Good overall nutrition is important for runners of all abilities and fitness levels. Every runner has different needs, and knowing the best foods to eat is just as important as knowing how much to run. Eating the right amount of protein and carbohydrates will provide the energy you need to run well and promote recovery from your workouts, helping you become a stronger and better runner.
Carbohydrates for Energy
Carbohydrates are the main source of energy for runners. All carbohydrates are broken down to the simple sugar glucose, which is stored in the liver and muscle tissues as glycogen. Maintaining your glycogen stores by eating enough carbohydrates in between workouts is important. According to registered dietitian Ellen Coleman, runners training at moderate intensity for an hour per day (that is, running is "conversational" -- hard enough to break a sweat, but you can carry on a conversation) should aim for 2.3 to 3.2 grams of carbohydrates per pound of body weight per day. Runners training at moderate intensity for one to three hours should have 2.7 to 4.5 grams of carbohydrates per pound, and sessions lasting three to four hours per day require 3.6 to 5.5 grams of carbohydrates per pound.
Protein for Building Muscle
Protein is needed for muscle growth and repair in between workouts. Protein can be an energy source, but it is very inefficient for the body to use protein for energy. According to registered dietitian Monique Ryan, runners training at moderate intensity (where running is conversational) for up to an hour should aim for 0.5 grams of protein per pound of body weight per day. Moderate-intensity sessions lasting one to three hours per day require 0.5 to 0.8 grams of protein per day, and sessions lasting three to five hours require up to 1 gram of protein per pound of body weight per day.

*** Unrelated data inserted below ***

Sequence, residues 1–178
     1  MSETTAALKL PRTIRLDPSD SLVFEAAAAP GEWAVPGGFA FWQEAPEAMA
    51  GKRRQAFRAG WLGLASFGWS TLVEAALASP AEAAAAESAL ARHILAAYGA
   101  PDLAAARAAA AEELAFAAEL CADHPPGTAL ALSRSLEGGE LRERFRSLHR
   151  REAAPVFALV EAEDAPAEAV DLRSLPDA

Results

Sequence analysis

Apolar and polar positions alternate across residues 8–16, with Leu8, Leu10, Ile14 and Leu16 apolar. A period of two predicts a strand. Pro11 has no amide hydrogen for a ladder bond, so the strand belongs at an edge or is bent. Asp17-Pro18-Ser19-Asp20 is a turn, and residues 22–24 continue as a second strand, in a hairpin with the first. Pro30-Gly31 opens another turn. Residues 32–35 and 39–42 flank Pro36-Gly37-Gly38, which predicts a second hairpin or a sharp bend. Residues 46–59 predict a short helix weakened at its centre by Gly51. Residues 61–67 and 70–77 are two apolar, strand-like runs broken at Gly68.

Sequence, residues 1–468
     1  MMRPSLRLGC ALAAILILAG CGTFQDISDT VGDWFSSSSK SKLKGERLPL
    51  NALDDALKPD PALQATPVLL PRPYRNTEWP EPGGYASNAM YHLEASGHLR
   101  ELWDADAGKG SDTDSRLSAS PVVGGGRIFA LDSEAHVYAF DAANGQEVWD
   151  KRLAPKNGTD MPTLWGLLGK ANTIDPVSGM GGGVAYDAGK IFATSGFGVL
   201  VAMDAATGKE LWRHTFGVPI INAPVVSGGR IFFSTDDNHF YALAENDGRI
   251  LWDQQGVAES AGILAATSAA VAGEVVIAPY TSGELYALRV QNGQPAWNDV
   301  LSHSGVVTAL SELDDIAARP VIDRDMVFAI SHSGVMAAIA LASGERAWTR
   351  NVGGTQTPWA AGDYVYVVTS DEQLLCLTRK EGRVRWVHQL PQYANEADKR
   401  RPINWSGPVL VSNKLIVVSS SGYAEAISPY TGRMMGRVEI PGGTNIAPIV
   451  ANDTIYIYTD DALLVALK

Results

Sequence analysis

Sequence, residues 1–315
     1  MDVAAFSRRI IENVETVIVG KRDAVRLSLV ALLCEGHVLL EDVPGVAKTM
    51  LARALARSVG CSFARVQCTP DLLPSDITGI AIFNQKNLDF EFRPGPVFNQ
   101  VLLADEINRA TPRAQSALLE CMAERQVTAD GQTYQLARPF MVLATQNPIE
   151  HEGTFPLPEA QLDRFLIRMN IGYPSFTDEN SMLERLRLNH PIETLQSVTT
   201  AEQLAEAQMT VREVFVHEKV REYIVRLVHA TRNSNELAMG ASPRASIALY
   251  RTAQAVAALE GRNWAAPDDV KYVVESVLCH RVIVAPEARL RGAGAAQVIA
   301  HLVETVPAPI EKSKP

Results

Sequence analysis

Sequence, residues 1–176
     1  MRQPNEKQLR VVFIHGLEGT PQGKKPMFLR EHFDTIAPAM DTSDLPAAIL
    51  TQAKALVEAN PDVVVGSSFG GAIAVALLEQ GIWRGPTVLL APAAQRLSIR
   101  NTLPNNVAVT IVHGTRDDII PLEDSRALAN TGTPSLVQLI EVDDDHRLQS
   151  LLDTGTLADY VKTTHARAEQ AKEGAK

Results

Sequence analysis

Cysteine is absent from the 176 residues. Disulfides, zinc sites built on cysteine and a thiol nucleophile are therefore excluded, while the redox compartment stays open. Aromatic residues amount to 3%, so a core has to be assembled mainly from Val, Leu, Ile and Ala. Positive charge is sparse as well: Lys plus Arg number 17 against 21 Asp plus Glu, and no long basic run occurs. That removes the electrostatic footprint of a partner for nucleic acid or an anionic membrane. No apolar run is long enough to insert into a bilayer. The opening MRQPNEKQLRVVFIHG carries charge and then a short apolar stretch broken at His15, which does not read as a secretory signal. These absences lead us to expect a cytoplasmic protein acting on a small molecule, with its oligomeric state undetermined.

Carbohydrate sources include whole grains, beans, fruits and vegetables. Runners should avoid processed carbohydrates (sweets, white bread and white pasta) because they may be higher in fat and lack important vitamins and minerals. Healthy protein sources include lean meats and fish, low-fat dairy products, beans, grains, vegetables, nuts and seeds. It is important not to exceed the recommended protein amounts, since excess protein will be stored as fat. In addition, high-protein diets can lead to health issues such as kidney damage. Eating a healthy, balanced diet without protein and carbohydrate supplements will ensure you meet your requirements for protein and carbohydrates.
Don't Forget the Fats
Runners need healthy fats in their diets in order to perform at their best. Fats are important for hormone production and the absorption of fat-soluble vitamins. In addition, they can be used as a source of energy for runners. All runners should aim for at least 0.5 grams of healthy fat per pound of body weight per day from avocados, fish, nuts and seeds. Runners training for long periods of time (four hours or more) may have higher fat requirements (up to 0.8 grams per pound).
- Diet, Exercise and Fitness; Ellen Coleman
- Sports Nutrition for Endurance Athletes; Monique Ryan
- Brown University Health Education: Sports Nutrition